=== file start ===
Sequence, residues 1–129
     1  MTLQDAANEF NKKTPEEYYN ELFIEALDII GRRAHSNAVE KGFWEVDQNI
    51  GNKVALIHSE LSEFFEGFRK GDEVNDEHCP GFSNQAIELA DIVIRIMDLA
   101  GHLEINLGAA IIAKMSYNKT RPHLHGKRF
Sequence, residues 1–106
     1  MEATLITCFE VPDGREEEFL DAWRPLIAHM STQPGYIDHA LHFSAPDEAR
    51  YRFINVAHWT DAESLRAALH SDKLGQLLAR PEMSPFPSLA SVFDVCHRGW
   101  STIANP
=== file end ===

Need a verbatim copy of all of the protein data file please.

Sequence, residues 1–129
     1  MTLQDAANEF NKKTPEEYYN ELFIEALDII GRRAHSNAVE KGFWEVDQNI
    51  GNKVALIHSE LSEFFEGFRK GDEVNDEHCP GFSNQAIELA DIVIRIMDLA
   101  GHLEINLGAA IIAKMSYNKT RPHLHGKRF
Sequence, residues 1–106
     1  MEATLITCFE VPDGREEEFL DAWRPLIAHM STQPGYIDHA LHFSAPDEAR
    51  YRFINVAHWT DAESLRAALH SDKLGQLLAR PEMSPFPSLA SVFDVCHRGW
   101  STIANP